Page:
Action & Values

Purposeful Actions Integrate Action with Values

The first two principles of Purposeful Action jointly provide a system for action which combines leadership and management principles with a universal value system. In the metaphor of the Brook, these principle are represented by the boat of the navigator which is used for action or propagation, and the oars used for ethical balance.

Purposeful action, integrates ethics into action to avoid the trap of “falling” into actions that are self-serving. In this way, purposeful actions promote actions that serve others. There are other characteristics and benefits of purposeful actions that set them apart from actions at large. These will become evident as readers progress through the material provided in this web site and in Prem Chopra’s latest book: “Masters of the Game.”

The Framework for Purposeful Action is built upon the premise that leadership is one systematic way of performing action, and that a common set of principles and ethics governs both individual and organizational actions. The Framework has two major components: a twelve-step system for action that provides the management perspective, and a value system in the form of ten core values –five positive and five negative–that provides ethical guidelines to accompany the 12 steps.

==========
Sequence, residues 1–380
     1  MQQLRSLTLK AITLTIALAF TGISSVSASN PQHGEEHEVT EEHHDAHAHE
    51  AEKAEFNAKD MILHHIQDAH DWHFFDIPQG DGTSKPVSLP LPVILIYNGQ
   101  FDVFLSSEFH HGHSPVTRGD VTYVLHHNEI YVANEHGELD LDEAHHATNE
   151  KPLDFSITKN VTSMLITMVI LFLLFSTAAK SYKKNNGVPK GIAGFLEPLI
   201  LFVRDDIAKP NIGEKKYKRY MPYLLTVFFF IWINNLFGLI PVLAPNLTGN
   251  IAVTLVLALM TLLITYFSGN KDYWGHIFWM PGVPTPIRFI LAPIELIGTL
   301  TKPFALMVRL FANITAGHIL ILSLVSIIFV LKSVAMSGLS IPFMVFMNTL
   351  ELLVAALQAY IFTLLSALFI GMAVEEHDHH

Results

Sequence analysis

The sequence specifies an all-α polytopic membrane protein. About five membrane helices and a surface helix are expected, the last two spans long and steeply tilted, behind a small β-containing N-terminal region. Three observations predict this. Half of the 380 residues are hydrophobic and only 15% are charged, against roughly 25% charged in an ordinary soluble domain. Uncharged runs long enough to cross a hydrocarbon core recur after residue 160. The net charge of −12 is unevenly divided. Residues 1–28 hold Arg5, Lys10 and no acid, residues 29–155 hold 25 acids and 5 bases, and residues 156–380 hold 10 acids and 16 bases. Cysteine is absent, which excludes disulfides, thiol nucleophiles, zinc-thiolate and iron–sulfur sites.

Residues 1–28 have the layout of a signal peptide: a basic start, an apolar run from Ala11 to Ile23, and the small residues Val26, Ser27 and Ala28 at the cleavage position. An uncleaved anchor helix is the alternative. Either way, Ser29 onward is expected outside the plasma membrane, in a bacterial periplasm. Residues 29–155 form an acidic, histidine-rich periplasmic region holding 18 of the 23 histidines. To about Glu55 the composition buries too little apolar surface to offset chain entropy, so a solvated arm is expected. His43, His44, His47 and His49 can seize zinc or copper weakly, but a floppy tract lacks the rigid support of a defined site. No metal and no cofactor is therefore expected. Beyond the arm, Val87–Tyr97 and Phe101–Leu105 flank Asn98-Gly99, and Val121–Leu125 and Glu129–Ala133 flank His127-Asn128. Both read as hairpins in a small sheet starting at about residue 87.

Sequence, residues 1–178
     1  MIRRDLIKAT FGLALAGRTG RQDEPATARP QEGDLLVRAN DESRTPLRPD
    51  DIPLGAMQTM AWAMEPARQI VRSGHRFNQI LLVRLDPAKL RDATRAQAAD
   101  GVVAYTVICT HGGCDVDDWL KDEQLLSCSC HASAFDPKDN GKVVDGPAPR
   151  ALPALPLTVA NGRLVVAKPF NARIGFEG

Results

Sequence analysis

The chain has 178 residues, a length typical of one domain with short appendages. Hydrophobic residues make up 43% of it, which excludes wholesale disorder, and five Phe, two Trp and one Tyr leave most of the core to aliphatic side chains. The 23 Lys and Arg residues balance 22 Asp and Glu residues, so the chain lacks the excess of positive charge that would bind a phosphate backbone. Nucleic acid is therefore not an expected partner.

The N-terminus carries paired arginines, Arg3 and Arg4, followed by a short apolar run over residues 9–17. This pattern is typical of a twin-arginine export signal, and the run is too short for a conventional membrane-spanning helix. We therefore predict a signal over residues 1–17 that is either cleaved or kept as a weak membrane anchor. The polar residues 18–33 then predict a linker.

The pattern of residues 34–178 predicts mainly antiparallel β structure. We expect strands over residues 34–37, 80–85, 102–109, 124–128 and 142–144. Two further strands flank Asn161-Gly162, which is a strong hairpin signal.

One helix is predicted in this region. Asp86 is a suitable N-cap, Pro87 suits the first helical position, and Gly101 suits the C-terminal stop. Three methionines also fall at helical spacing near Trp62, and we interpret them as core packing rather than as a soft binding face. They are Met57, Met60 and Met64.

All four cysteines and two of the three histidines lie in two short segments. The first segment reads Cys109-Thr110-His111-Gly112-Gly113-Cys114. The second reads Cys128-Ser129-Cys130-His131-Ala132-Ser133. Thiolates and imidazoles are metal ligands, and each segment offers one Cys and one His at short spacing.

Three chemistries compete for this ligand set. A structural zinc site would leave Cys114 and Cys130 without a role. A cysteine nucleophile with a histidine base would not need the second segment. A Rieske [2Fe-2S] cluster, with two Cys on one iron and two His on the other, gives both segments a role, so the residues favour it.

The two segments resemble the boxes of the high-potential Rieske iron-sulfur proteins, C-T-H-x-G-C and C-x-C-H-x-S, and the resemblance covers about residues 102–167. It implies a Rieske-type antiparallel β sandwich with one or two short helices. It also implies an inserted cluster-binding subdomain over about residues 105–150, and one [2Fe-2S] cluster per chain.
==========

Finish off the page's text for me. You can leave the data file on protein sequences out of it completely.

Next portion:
In the metaphor of the brook, the boat of the navigator, or the organization, represents the Framework for actions performed by the individual or organization, and the oars represent the positive and negative core values that provide ethical balance for all actions that the individual or organization performs.

Learn more about the 10 core values for Ethical Balance.

Most people understand that action brings about change, but few give thought to whether the action is driven by a purpose formed from the vision of the organization, or merely by the anticipation of rewards. In the absence of a conscious, or sub-conscious, ethical check with respect to each action, actions have a tendency to follow human nature (see the four levels of desire) and be entrapped into becoming self-serving actions.